U.S. Federal Reserve building

Fed holds rates steady at March FOMC meeting

The central bank will look to cut interest rates three times by the end of 2024.

  • The Federal Reserve (Fed) elected to not raise the federal funds rate at the March 2024 Federal Open Market Committee (FOMC) meeting.
  • It is the fifth consecutive meeting during which the central bank has chosen to hold interest rates steady, with its last rate hike coming in July 2023.
  • The central bank's updated "dot plot" includes three rate cuts by the end of 2024.
  • The federal funds rate target range remains 5.25%-5.50% and the Fed's cumulative total increase sits at 525 basis points (bps) since March 2022.
  • Fed Chair Jerome Powell reiterated that the central bank remains fully committed to bringing inflation down to its stated 2% target.

As was widely expected, the Fed closed out its March 19-20, 2024, FOMC meeting by holding the federal funds rate at its current target range of 5.25%-5.50%. This decision marks the fifth consecutive FOMC meeting where the central bank elected to keep interest rates at their current levels.

The federal funds rate remains at its highest mark in over 20 years, but as indicated in the updated Summary of Economic Projections (SEP) and “dot plot,” rate cuts remain on the horizon, with the Fed forecasting three 25 bps cuts occurring by year’s end.

No specifics were given as to when cuts would begin, with Chair Powell reiterating that all monetary policy decisions are made “meeting by meeting.” Markets reacted favorably to the Fed’s rate cut projections, with the S&P 500 moving above 5,200 for the first time.

“The Fed emphasized it is ‘patiently confident’,” said Raymond James Chief Investment Officer Larry Adam. “It is ‘patient’ and not overly concerned by the recent bump in inflation as it expects inflation to continue to decelerate. The Fed remains ‘optimistic’ it can still nail a soft landing – with the help of likely three interest rate cuts that are still expected to start ‘at some point this year’.”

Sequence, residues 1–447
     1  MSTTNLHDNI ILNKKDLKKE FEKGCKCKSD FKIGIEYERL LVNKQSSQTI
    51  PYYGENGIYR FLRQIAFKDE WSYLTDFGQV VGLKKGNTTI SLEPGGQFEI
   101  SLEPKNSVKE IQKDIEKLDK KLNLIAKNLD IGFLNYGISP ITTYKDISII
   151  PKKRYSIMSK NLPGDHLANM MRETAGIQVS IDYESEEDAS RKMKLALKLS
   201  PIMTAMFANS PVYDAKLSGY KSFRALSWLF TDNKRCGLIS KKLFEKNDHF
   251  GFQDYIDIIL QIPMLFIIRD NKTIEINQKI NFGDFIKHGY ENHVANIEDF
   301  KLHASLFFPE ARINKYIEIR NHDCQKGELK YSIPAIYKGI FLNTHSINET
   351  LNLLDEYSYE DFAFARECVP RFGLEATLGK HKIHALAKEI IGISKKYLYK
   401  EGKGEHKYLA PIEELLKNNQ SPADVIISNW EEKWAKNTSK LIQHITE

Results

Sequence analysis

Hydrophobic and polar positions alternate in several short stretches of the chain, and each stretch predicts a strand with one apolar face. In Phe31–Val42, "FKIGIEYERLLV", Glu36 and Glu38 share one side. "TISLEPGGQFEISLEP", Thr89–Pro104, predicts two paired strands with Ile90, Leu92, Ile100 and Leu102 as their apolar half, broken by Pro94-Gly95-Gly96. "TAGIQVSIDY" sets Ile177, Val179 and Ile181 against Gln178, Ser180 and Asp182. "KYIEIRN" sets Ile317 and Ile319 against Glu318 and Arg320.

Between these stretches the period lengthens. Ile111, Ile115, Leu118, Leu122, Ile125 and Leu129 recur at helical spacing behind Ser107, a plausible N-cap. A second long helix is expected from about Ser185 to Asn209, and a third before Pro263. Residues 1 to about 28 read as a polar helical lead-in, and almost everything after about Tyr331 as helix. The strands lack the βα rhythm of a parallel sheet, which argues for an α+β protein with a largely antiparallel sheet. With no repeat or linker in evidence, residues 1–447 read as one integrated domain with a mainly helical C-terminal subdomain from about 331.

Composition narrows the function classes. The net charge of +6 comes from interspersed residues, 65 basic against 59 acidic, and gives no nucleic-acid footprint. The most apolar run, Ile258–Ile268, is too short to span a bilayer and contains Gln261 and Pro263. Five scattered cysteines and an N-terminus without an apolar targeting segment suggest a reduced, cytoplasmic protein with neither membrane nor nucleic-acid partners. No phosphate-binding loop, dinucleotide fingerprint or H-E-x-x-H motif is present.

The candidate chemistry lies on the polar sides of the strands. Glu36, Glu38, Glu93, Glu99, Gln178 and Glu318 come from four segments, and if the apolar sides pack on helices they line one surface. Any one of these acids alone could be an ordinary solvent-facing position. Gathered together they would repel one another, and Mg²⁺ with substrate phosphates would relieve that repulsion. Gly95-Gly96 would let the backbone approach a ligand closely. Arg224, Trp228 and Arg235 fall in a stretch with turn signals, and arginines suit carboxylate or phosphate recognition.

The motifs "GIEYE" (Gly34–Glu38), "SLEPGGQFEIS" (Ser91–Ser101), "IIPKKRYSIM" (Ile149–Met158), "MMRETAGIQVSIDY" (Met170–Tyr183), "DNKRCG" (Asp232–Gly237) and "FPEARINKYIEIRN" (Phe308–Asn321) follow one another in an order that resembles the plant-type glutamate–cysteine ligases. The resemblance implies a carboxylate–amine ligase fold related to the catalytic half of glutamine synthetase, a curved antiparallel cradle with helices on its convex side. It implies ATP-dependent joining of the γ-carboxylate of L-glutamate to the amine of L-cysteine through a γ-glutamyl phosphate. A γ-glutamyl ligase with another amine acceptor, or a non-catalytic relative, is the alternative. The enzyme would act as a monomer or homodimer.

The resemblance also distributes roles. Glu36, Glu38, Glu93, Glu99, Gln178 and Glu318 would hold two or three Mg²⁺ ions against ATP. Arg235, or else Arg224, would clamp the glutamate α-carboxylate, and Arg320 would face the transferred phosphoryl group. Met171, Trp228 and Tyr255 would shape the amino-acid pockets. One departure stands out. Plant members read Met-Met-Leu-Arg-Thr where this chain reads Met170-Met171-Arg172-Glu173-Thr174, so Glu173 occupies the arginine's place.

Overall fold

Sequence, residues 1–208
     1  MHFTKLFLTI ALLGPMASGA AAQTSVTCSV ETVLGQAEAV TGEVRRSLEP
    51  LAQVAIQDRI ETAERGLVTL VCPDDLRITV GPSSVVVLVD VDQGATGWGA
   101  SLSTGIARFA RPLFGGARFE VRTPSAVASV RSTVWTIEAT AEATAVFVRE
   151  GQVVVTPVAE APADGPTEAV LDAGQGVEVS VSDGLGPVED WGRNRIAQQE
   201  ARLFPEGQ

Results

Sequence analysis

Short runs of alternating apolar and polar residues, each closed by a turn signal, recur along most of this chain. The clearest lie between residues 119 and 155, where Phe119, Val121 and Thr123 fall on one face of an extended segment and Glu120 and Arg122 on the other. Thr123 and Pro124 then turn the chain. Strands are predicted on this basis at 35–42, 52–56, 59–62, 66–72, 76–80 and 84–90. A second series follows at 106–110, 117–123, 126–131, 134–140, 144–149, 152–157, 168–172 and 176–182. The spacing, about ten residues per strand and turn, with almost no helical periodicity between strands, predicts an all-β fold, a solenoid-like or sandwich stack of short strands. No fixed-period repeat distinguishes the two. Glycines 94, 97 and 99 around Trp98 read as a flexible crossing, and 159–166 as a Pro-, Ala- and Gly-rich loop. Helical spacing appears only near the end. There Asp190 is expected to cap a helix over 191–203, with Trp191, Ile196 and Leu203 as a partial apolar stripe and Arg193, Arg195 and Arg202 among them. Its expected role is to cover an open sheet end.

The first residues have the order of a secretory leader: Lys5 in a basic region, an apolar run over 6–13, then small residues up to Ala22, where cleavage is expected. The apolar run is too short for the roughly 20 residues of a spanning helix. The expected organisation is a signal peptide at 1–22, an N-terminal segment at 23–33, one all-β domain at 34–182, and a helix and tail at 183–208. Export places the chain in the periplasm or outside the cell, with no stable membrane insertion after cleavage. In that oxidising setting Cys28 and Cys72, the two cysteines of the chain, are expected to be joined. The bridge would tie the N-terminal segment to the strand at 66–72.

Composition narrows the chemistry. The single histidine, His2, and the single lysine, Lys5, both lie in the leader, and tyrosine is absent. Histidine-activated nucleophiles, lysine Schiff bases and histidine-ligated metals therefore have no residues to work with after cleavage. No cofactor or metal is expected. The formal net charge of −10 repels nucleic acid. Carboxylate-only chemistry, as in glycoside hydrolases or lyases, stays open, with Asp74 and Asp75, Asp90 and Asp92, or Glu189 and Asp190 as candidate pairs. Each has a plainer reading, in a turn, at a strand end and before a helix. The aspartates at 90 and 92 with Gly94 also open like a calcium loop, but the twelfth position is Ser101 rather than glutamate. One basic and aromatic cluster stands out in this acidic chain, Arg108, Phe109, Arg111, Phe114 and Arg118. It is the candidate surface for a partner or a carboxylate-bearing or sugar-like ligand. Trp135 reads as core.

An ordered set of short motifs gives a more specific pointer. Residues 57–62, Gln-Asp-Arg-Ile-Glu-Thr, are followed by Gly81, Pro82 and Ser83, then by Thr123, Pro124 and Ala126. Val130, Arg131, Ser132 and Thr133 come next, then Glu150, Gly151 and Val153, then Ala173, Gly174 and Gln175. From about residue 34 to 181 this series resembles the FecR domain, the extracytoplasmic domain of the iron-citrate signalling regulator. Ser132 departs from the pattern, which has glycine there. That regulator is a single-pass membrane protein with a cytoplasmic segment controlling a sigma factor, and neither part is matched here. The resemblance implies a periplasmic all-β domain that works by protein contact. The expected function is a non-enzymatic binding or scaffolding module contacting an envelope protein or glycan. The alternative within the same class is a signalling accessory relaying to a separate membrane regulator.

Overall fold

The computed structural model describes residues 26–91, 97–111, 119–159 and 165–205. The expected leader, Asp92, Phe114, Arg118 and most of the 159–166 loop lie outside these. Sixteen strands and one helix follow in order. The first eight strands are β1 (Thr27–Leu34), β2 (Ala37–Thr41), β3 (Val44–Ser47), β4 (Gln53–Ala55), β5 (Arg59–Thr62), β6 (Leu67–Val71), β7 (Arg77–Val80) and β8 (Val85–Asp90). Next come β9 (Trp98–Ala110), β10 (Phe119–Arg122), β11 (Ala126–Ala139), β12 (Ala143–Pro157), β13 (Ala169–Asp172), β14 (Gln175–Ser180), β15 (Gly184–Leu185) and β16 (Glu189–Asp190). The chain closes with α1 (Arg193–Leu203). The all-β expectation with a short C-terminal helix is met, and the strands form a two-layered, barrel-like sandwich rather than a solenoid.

Chair Powell highlighted in his post-meeting press conference that the current federal funds rate is likely at its peak – and Adam noted that this signals a tolerance from the Fed of slightly hotter inflation in the near term as Chair Powell expressed confidence that inflation would move back to the Fed’s target of 2% over the longer term.

The March SEP displayed higher economic growth, lower unemployment and slightly higher inflation during 2024 than previously estimated in the December 2023 SEP. These factors contributed to the Fed removing one potential rate cut from its 2025 projections, while the long-term estimate of achieving 2% inflation remains sometime in 2026.

“We were concerned with the slow pace of inflation target conversion and the effects it could have had on Fed officials,” said Raymond James Chief Economist Eugenio Alemán. “Although it is clear that this has changed the Fed’s view of interest rates in 2025 and 2026, it did not affect its short-term federal funds rate expectations.”

The next FOMC meeting takes place April 30-May 1.


All expressions of opinion reflect the judgments of the Raymond James Chief Investment Officer and Raymond James Chief Economist and are subject to change.

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